Bank stocks fell Wednesday as more companies reported weakened third-quarter earnings as a result of higher credit costs.

The KBW Bank Index fell 5.79%.

"I don't think anybody was shocked about the tenor of earnings reports coming out so far," said Peter McCorry, a senior trader at KBW Inc.'s Keefe, Bruyette & Woods Inc. "Coming out of this, we'll see the haves and have nots, and we'll see some pickup in M&A activity in the coming year."

The broader markets also fell as earnings drops were reported across all industries. The Dow Jones industrial average fell 5.69%, and the Standard & Poor's 500 fell 6.1%.

Wachovia Corp. stock fell 6.2%. To clean house before selling itself to Wells Fargo & Co., the $764.4 billion-asset Charlotte company recorded a staggering third-quarter loss of $23.9 billion, or $11.18 a share. The loss included a litany of hits, the biggest being a $18.8 billion goodwill charge largely associated with the 2006 purchase of Golden West Financial Corp.; 63% of the impairment came from the business line that houses Golden West's legacy pick-a-payment mortgage book.

The results also included $2.5 billion of losses tied to the investment portfolio and structured products, $682 million of valuation declines from principal investing, $515 million of severance costs, $497 million of costs from settling auction-rate securities issues, and $397 million from planned securities losses.

Wachovia lost $9.1 billion in the second quarter and earned $1.6 billion a year earlier.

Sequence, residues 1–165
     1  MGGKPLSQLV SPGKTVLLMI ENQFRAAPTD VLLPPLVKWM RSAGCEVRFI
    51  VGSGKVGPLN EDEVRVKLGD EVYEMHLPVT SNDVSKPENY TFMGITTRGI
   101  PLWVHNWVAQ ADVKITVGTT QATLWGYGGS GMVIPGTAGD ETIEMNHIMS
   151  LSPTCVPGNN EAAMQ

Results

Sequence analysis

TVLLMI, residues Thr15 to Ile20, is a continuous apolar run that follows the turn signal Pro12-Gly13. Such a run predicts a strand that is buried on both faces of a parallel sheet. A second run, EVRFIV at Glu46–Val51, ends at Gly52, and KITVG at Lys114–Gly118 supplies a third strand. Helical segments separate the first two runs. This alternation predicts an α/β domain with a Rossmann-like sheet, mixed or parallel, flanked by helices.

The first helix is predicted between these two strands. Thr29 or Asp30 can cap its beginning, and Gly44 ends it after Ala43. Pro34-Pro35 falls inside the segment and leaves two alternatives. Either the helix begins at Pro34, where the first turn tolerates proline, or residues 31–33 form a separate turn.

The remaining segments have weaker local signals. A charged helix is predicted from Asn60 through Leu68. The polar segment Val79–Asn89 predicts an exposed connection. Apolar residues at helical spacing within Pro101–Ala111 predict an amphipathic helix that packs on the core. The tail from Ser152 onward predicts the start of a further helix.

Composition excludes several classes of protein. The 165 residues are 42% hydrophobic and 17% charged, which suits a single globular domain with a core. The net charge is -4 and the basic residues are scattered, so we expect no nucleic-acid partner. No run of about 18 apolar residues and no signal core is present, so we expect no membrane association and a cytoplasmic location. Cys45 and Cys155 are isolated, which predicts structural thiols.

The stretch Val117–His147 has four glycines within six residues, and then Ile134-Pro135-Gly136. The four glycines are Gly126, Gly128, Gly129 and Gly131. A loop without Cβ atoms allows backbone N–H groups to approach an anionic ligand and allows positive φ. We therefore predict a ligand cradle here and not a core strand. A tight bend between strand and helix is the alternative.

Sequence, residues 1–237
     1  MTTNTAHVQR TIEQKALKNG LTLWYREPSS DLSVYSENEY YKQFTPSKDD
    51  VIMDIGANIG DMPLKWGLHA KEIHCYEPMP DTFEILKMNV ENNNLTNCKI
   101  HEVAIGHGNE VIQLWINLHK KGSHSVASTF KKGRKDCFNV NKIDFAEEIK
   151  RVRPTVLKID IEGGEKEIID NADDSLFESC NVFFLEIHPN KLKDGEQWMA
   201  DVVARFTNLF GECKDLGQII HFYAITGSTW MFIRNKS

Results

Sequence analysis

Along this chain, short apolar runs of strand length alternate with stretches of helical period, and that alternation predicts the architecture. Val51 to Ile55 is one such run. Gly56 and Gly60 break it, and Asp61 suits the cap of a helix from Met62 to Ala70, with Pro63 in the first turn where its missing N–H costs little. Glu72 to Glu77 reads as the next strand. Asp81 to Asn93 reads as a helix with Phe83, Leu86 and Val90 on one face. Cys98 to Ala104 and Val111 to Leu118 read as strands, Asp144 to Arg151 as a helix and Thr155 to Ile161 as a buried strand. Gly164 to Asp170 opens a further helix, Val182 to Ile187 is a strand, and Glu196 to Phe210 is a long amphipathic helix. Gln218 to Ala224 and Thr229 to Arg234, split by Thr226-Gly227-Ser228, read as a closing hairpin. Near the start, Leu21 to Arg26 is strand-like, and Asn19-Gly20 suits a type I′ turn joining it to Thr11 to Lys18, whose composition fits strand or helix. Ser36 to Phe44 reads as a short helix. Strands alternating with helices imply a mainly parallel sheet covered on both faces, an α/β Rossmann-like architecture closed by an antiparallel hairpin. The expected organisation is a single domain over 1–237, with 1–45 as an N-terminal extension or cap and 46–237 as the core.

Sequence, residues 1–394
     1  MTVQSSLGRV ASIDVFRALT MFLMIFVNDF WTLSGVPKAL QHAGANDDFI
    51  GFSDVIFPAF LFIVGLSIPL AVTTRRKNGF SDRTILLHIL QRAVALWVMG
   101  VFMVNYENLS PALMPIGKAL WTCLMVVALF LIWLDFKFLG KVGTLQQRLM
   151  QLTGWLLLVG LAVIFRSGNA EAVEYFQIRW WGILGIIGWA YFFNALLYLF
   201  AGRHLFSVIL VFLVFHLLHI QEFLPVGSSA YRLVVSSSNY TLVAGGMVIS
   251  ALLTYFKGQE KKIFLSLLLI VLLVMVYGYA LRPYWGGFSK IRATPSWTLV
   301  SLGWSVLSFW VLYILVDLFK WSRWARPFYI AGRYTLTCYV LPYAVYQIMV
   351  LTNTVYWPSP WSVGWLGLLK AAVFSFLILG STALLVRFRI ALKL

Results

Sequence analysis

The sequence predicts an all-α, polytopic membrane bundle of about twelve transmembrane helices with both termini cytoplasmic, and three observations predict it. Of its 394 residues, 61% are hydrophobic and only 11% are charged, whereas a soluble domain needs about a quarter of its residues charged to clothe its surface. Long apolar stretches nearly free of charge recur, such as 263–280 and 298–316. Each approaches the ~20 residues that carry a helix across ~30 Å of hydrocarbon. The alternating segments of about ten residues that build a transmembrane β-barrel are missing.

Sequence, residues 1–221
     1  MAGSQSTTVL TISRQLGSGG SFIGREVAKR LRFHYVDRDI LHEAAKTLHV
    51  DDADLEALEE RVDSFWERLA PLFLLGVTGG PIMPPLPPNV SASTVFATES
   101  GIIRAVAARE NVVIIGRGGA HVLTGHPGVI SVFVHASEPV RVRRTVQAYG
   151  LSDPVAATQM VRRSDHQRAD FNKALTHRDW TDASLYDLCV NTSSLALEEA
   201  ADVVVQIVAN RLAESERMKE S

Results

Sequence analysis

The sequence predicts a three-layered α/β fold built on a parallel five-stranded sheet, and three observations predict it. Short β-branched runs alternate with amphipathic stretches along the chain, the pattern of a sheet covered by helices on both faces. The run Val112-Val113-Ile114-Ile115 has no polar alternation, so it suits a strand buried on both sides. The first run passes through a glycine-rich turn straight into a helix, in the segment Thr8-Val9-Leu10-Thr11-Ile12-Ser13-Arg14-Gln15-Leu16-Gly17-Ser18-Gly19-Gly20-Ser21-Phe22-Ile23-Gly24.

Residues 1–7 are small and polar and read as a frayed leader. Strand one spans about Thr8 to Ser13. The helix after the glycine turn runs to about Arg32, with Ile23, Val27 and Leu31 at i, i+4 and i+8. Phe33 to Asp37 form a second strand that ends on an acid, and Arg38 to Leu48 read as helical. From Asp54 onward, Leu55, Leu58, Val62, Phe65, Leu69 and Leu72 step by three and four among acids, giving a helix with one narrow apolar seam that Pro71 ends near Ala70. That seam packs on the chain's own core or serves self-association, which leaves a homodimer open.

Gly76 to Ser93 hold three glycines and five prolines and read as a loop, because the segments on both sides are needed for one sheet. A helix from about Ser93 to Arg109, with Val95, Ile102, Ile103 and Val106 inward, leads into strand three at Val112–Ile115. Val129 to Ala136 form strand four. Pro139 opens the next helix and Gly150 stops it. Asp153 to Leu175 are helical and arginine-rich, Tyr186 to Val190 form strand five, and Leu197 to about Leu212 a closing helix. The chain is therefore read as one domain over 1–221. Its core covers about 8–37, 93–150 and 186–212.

Wells' stock declined 4.1% on the news.

Downey Financial Corp. fell 7.9%. The $13.3 billion-asset Newport Beach, Calif., company said its third-quarter loss more than tripled from a year earlier, to $81.1 million, or $2.89 a share.

The loss, Downey's fifth in as many quarters, was reported a week after it said it would cut 200 jobs by eliminating its wholesale lending unit and scaling back its in-house lending.

With nonperforming assets mounting and its Tier 1 capital ratio at 7.48%, analysts said a fire sale increasingly appears to be Downey's only viable option. Finding a buyer would be complicated by the fact that only a few large U.S. banking companies have both the wherewithal to make big acquisitions and an interest in growing in California.

TCF Financial Corp. fell 6.7%. The $16.5 billion-asset Wayzata, Minn., company said its third-quarter net income fell 49% from a year earlier but rose 27% from the second quarter, to $30.1 million, or 24 cents a share, which fell 5 cents short of the average estimate of analysts polled by Thomas Reuters.

The provision for credit losses nearly tripled from a year earlier but fell 17% from the second quarter, to $52.1 million. Chargeoffs more than doubled from a year earlier but were flat from the second quarter, at $30 million.

Marketing expenses unexpectedly doubled from a year earlier, to $12.3 million. TCF also recorded a $4.1 million increase in severance and separation costs, which included costs related to Lynn Nagorske's abrupt retirement as the CEO in July.

Bank of America Corp. fell 5.5%. Citigroup Inc. dropped 6.1%. JPMorgan Chase Co. fell 6.5%. U.S. Bancorp dropped 6.9%. Fifth Third Bancorp dropped 3.6%. Regions Financial Corp. fell 5%, and National City Corp. fell 6%.

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